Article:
A pipette is a volumetric instrument used to transfer small amounts of liquid. The liquid to be transferred is drawn into one end of a glass cylinder by squeezing the rubber ball at the opposite end or by sucking. The glass pipette is marked with white ceramic to allow the accurate transfer of the required volume.
Types of Pipettes
There are three types of volumetric pipettes: volumetric transfer, measuring, and serological. Because of volume gradations, the serological pipettes can dispense varying volume of liquids. While using the serological pipette, do not include the tip region in the volume measurements. These pipettes are graduated with white ceramic along their sides. Do not drain or blow out the measuring pipettes when delivering a solution because the extra volume in the tip is not part of the pipette’s calculated volume. The volumetric pipettes are designed to dispense one specified volume of liquid, whereas the measuring pipette is calibrated to dispense different volumes. Unlike the serological pipette, both of these pipettes are designed to include the tip region in their entire dispensed volumes.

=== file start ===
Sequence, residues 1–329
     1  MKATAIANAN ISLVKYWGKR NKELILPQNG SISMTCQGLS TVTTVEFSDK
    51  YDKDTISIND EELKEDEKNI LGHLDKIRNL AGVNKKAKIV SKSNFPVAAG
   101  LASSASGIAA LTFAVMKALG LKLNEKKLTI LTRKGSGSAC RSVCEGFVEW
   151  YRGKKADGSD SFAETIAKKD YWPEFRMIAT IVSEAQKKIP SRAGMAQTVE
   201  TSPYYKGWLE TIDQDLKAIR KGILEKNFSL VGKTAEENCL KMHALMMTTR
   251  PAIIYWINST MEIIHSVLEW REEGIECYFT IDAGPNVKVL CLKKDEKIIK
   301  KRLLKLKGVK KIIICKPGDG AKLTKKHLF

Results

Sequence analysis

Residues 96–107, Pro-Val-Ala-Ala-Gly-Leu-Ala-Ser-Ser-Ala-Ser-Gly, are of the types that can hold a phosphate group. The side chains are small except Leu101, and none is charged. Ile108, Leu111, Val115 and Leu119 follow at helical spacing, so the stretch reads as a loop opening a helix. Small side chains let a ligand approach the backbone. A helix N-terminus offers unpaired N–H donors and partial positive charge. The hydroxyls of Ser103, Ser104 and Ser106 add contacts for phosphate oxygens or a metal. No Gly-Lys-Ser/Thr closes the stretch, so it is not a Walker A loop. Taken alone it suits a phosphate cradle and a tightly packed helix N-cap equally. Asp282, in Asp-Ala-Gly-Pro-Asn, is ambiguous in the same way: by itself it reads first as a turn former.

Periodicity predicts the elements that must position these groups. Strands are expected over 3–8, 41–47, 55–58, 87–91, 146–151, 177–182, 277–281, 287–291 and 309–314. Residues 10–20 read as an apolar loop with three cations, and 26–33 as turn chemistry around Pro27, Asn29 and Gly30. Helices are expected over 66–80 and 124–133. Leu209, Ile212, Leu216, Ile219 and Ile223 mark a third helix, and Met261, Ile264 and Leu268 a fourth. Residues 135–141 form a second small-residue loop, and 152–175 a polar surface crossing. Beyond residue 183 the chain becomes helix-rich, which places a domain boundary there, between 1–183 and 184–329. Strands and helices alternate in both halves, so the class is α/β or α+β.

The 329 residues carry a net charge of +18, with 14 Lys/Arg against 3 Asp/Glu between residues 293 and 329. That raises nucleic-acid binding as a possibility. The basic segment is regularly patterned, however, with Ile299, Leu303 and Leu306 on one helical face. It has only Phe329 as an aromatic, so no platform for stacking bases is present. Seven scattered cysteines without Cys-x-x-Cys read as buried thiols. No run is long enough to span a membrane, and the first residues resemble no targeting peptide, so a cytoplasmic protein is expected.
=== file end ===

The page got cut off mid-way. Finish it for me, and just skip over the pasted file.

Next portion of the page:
To fill a measuring or serological pipette follow the following method:
- Draw the solution to be transferred just above the volumetric level, then let the solution fall to the calibration mark.
- Remove the pipette from where the fluid is drawn, and wipe the tip with a laboratory tissue to remove any excess solution drops from the outside of the pipette.
- When dispensing the fluid from a measuring pipette, let the tip touch the side of the receiving container and let the fluid flow. If one is dispensing the liquid by hand, control the flow rate by placing the thumb on the end of the pipette. However, never let the thumb wander away from the end of the pipette because it will let the fluid flow uncontrollably.
- Thoroughly drain the solution from the pipette.
- Do not remove the tip with an upward or downward motion.